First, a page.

IPV4 Addressing | Classful and Classless Addressing

In this tutorial, we will learn about the IPV4 Addressing - Classful and Classless Addressing in Computer Network. By Radib Kar Last updated : May 04, 2023

1) Classful Addressing

IPv4 addressing used the concept of classes. This architecture is known as classful addressing.

In the classful addressing, there are 5 classes in which the address space is divided: A, B, C, D, and E.

Each class occupies some fraction of the address space.

We can find the class of an address when given the address in binary notation or dotted-decimal notation by checking the first few bits or first byte.

Classes and Blocks

There is a problem with the classful addressing that is "each class is divided into a fixed number of blocks with each block having a fixed size".

Class name Number of blocks Block size Application
A 128 16,777,216 Unicast
B 16,384 65,536 Unicast
C 2,097,152 256 Unicast
D 1 268,435,456 Multicast
E 1 268,435.456 Multicast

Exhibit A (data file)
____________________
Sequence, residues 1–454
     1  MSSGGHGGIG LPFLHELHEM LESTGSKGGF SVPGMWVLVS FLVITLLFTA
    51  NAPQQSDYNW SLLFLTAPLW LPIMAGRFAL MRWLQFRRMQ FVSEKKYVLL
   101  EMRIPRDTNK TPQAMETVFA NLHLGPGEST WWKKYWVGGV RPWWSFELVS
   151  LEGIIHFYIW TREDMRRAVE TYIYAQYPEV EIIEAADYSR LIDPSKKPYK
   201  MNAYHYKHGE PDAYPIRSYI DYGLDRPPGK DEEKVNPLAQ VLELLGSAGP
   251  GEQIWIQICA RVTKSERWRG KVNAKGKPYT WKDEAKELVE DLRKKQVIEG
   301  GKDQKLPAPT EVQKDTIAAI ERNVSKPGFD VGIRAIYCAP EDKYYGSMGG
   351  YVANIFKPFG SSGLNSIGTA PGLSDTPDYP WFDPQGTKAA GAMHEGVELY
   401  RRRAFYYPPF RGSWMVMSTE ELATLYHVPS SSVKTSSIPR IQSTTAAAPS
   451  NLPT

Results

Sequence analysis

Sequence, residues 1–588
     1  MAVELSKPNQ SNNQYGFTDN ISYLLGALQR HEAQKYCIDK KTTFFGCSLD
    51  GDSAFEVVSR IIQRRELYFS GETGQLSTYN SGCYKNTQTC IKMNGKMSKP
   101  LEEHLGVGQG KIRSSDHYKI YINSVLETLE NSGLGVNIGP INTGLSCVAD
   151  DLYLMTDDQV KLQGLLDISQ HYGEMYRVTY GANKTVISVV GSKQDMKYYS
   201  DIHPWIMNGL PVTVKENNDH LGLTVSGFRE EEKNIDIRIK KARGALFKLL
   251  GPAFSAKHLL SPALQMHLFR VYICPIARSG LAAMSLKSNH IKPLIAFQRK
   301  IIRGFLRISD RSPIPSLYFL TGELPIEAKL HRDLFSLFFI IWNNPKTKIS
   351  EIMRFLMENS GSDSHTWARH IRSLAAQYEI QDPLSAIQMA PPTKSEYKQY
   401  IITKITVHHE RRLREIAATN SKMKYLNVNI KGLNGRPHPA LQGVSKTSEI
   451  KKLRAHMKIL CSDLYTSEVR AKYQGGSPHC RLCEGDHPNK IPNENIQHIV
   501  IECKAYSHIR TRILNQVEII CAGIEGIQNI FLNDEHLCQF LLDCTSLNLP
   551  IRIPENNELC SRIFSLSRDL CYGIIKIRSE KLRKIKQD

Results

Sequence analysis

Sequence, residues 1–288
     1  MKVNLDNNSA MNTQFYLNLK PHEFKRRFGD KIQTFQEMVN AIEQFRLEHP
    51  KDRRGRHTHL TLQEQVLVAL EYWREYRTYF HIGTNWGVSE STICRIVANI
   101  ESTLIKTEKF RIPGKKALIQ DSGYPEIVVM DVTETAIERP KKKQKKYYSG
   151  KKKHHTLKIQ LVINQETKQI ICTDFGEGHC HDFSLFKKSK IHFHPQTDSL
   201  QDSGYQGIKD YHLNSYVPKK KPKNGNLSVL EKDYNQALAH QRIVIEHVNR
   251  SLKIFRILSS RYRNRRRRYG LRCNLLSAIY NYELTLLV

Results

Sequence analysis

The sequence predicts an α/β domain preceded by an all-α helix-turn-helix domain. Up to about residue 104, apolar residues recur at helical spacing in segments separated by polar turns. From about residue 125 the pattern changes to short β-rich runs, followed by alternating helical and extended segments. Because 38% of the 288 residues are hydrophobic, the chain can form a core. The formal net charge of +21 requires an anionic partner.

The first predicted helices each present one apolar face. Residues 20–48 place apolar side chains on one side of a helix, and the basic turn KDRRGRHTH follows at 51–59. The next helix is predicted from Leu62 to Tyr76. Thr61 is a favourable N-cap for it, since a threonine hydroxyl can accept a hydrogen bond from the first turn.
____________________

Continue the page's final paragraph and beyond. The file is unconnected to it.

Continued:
The "class A addresses" are designed for large organizations to manage a large number of attached hosts or routers.

The "class B addresses" are designed for midsize organizations to manage tens of thousands of attached hosts or routers.

The "class C addresses" are designed for small organizations to manage a small number of attached hosts or routers.

2) Classless Addressing

Classful addressing leads to address depletion. That's the big issue for this schema and that's why it's not used nowadays.

To overcome the problem of address depletion and to give more organizations access to the Internet, the classless addressing was designed and implemented. In this scheme of classless addressing, there are no classes, but the addresses are still granted in blocks.

Address Blocks

In classless addressing, when an entity(organization or a single household (small organization) or whatever which uses the internet) needs to be connected to the Internet, it is granted a block (range) of addresses. The size of the block (the number of addresses) varies based on the nature, size, and need of the entity.

For example, a household (small organization) may be given only two addresses; a large organization may be given thousands of addresses. On the other hand. An ISP, as the Internet service provider, may be given hundreds of thousands based on the number of customers it may serve.

Three restrictions on classless address blocks:

  1. The addresses in a block must be contiguous that means one after another.
  2. The number of classless addresses in a block must be a power of 2.
  3. The first address must be evenly divisible by the number of addresses.


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